The Village Powered by Divine Light
In the village of Tahala, solar panels not only improved the agricultural economy – they also helped residents connect with God.
A remote region
Tucked away in the Anti-Atlas mountain range, southern Morocco’s Tafraout region doesn’t attract many tourists. Those visitors who do brave the winding roads from cities like Tiznit do so to participate in the almond-picking festivities in spring, to climb the granite mountainsides of the Jebel Lekst and Adrar Mkorn and to purchase some of the world’s purest argan oil.
A traditional way of life
In the remote Tafraout village of Tahala, an ancient culture continues to thrive. Here, the Amazighs – an indigenous people of Morocco, as well as Algeria, Libya and elsewhere in North Africa ? cultivate the land as they have for thousands of years.
Amazigh means ‘free man’ in Tamazight, the Amazigh language, and independence is highly valued. Local life has remained relatively undisturbed by outside influence – until recently.
A new addition
In 2016, Greenpeace introduced solar panels to Tahala, which was previously subject to frequent power cuts due to a lack of energy funding from the central government. The panels have had an immense – and surprising – impact on the local community.
A prized commodity
Before the panels were installed, the region was subject to frequent power cuts, causing irrigation systems to stop working. Now that the power issue has been resolved, the village’s groves of argan trees are flourishing.
Locals say high altitudes and relatively dry soil contribute to the excellence of Tafraout’s argan oil, and Tahala’s residents pride themselves on its purity. Here, argan oil is extracted by hand: villagers crack the tree nuts to remove the kernels inside, which are then roasted and ground to release the oil.
The power of the divine
But for a small group of Tahala residents, the panels have had a more spiritual impact. Islam is the primary religion in the Tafraout region, although not everyone practices the same form. Since the 17th Century, Tahala has been home to the Attika Madrassa, a convent devoted to Sufism, a mystical branch of Islam that stresses a union with God as its chief aim.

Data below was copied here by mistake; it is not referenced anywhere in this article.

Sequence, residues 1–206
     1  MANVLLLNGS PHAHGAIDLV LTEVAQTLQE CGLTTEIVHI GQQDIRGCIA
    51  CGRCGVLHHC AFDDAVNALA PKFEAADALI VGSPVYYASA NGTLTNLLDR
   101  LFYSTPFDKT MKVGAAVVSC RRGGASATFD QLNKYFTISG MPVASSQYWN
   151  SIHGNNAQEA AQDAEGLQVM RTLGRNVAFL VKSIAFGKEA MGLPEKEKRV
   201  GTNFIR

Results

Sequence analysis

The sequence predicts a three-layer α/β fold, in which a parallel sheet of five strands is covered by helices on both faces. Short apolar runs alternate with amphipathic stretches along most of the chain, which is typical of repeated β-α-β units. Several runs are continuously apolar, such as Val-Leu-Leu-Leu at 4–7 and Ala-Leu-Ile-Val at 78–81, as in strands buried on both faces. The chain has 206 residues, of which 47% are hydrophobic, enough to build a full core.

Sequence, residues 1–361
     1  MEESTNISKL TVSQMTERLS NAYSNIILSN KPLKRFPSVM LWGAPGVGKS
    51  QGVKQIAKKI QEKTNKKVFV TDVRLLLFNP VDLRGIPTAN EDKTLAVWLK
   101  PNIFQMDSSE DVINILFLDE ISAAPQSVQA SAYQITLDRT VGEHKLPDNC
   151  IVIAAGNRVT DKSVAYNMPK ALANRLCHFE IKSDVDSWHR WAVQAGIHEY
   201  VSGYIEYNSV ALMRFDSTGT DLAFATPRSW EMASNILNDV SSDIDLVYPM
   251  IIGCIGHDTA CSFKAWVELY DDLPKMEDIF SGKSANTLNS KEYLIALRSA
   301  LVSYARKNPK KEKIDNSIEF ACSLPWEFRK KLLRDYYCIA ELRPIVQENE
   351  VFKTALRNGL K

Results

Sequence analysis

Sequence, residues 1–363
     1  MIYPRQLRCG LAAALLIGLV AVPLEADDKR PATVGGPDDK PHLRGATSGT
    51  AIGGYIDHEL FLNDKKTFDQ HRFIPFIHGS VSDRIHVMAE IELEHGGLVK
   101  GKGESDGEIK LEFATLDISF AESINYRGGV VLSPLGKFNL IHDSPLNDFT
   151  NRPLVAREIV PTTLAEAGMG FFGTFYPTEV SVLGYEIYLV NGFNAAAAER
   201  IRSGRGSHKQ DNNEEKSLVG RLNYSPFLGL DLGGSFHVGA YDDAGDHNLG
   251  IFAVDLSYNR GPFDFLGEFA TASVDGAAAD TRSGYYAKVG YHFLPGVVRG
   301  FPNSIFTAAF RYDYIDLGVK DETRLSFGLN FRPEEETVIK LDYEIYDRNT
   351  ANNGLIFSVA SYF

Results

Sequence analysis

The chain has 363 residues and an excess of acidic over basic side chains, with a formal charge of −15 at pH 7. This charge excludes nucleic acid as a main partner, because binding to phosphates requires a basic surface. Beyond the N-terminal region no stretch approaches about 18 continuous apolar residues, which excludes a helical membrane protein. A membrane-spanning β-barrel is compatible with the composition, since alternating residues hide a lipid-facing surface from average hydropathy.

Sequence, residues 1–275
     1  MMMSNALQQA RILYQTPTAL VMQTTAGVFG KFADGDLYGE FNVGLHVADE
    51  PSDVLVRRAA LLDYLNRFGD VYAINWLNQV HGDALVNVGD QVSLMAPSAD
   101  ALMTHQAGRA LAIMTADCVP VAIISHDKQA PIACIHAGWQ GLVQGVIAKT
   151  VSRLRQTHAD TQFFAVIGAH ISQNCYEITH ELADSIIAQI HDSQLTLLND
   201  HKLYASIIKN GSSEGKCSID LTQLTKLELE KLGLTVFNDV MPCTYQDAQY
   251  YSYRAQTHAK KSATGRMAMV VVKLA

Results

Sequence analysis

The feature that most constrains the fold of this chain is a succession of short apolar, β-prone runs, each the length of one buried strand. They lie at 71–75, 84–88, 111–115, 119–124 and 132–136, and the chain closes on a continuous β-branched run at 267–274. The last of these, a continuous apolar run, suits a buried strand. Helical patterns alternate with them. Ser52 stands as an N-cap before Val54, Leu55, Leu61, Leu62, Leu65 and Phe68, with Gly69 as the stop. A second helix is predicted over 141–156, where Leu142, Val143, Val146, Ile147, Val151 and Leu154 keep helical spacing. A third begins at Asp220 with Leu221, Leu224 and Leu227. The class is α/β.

The town’s Sufi mystics believe the solar panels channel a higher power: that of the divine.
A symbolic light
For hundreds of years, students at Attika Madrassa have studied the texts of prominent Sufi spiritualists like the 13th-Century Persian poet Rumi, regarding the sun as the all-encompassing light of God.
“Stop trying to be the sun and become a speck!” Rumi wrote. In that vein, the Sufis strive to annihilate their egos and become one with nature and the universe. Their distinct whirling dervishes are an imitation of planets spinning in the sun’s orbit.
A village encompassed in light
By literally channelling the sun, Tahala’s solar panels realise this key metaphor for Attika Madrassa’s community, who view them as channelling God’s power to their village. To the Sufis, the solar panels are holy.
Following the sun
The solar panels have drastically improved life in Tahala without disrupting the village’s culture. The argan oil business is more sustainable than before, and although the panels have not altered the ways Sufism is practiced in Tahala, the members of Attika Madrassa feel a closer connection to God.